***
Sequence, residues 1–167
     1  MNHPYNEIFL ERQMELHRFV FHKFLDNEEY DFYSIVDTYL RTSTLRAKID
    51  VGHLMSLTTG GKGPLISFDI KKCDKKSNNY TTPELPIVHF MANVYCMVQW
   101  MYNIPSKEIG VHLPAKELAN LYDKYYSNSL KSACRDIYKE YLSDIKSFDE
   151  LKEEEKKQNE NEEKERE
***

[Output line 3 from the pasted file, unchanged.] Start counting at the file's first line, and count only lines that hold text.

    51  VGHLMSLTTG GKGPLISFDI KKCDKKSNNY TTPELPIVHF MANVYCMVQW